The Spectacle (1994)

Duration 25’
For piano and pre-recorded track with Stan Sulzmann (alto sax and jazz Flute) and Liz Kenwood-Herriott (oboe)
Choreography and design: Michael Pink
Studio recording: Ian Gibson
First performed at the Minerva, Chichester as part of the 1994 Ballet Central National tour.

In 1994 Ballet Central saw more of Michael Pink as he spent three months as resident artistic director in London, before returning north to his role as assistant artistic director at Northern Ballet. The Spectacle was the fruit of this period, a surreal and fantastic one act ballet, with a memorable giraffe, a chicken, back-to-back Bavarians and a giant pair of glasses that winked. Appropriately its theme was a visit to the opticians, exploring the altered perception of reality that corrective lenses can often produce.

The music is high-tempoed for much of the time, but is also fundamentally symphonic, despite the disappointing sound of the synthesized strings, the instruments being sourced mainly from the Roland JV 1080. There is a prominent role for sampled timpani which gives the music quite a lot of beef. In the surrealist UV section much play is made of strange pitch bends even of sampled bells and drums.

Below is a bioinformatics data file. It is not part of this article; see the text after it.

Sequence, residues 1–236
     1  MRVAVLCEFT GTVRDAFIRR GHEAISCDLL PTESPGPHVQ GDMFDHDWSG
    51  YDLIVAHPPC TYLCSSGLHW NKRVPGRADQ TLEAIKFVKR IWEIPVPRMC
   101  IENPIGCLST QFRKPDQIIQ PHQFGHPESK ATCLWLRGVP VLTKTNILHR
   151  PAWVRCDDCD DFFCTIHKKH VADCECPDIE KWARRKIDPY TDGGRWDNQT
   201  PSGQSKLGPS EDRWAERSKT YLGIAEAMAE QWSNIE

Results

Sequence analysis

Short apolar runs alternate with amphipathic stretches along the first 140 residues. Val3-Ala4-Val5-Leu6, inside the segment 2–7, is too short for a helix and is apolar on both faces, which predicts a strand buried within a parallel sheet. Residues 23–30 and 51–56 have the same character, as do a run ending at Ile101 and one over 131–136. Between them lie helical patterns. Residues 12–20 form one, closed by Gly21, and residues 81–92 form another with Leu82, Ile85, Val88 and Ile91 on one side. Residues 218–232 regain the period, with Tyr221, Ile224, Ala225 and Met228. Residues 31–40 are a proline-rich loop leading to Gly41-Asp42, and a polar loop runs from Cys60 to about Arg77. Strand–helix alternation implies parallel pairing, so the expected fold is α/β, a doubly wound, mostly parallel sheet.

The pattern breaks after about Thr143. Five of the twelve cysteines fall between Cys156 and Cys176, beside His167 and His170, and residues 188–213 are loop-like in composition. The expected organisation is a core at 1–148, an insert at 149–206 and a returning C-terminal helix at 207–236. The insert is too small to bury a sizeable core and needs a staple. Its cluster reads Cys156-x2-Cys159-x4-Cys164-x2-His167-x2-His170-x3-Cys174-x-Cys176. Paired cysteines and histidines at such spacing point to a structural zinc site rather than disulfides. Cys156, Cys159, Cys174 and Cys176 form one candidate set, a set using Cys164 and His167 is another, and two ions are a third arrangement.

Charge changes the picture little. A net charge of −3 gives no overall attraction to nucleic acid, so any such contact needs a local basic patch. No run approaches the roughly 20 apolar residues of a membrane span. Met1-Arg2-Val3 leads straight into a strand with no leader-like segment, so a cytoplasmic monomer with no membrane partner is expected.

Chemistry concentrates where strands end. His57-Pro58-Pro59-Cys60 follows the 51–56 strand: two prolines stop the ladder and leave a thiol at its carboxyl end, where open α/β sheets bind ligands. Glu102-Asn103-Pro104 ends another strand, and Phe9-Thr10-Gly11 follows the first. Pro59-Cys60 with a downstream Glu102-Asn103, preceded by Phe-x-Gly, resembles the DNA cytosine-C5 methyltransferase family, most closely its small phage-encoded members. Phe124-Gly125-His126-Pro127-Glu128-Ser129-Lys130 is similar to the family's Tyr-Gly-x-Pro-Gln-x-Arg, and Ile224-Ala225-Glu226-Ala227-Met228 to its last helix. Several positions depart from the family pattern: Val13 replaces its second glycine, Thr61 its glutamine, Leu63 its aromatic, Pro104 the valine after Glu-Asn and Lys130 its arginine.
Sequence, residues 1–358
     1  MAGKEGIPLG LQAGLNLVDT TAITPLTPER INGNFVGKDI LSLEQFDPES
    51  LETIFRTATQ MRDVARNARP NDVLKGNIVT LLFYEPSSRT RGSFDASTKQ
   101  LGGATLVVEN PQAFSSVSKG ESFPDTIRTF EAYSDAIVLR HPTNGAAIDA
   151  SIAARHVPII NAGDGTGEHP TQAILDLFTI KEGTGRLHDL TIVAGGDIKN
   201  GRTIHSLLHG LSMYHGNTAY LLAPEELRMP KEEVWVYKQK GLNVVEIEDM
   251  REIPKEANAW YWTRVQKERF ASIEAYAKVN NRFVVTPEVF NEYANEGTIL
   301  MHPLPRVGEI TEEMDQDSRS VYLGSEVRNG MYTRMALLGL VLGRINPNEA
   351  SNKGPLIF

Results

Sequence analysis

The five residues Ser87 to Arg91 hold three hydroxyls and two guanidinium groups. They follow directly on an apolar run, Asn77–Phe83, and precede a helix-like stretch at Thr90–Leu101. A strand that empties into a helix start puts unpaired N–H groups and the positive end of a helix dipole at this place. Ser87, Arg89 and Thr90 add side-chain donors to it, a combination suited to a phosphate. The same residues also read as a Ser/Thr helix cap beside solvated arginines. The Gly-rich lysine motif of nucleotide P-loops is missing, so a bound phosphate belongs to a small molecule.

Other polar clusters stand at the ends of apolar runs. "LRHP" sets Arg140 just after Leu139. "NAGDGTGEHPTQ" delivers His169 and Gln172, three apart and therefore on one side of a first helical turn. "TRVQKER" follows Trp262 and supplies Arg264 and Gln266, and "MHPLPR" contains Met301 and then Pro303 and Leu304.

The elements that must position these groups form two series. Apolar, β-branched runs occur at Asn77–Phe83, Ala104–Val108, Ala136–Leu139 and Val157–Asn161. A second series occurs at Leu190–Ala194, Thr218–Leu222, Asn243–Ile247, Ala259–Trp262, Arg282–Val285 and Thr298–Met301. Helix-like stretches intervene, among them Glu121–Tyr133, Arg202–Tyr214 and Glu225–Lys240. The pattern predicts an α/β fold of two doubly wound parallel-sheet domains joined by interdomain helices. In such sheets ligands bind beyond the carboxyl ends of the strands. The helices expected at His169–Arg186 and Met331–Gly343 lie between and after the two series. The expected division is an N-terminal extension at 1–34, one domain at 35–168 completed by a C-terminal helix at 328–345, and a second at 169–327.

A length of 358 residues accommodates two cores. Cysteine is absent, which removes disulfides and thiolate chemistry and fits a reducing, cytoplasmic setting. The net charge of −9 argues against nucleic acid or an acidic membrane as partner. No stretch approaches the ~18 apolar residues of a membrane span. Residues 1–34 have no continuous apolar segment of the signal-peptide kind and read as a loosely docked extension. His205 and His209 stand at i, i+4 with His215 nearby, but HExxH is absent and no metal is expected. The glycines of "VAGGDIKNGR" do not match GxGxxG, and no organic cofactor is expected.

Ballet Central were fortunate enough to secure the services of jazz saxophonist, Stan Sulzmann, who the composer had worked with on the International Course for Professional Choreographers and Composers at Bretton Hall. He had also helped create the stand-out (or indeed, stand-up) tenor sax solo at the end of Feeney’s music for Derek Williams’ Jazz Concerto (1993) for Northern Ballet Theatre. For the long solo in The Spectacle, this time for alto sax, Sulzmann played along with a guide track in his headphones so that it would synchronise with the rest of the music and would be the correct tempo for the optician’s solo (dancer Chisato Ohno, later of NDT 2 and the Batsheva Dance Company). There was an added complication in that the emergency recording session was held during another perennial drilling of Herbal Hill outside. Extremely close mic-ing was required. There was no such difficulty when Liz Kenwood-Herriott added her habitually exquisite oboe part.

At points the music becomes a piano concerto, particularly in the scherzo, which contained a very effective (and difficult) piano phrase, known as “the Run”; this happens twice, which was fairly masochistic since the composer was also the only ever performer. In that section the second subject is the tune in reverse. The next movement is really a gospel number, that springs quite unobtrusively out of an orchestra tuning-up and goes on to build to a great climax. For the finale, a bucolic swirling waltz, the choreographer replayed the entire piece in three minutes, fast-forwarding in the manner of the Reduced Shakespeare Company.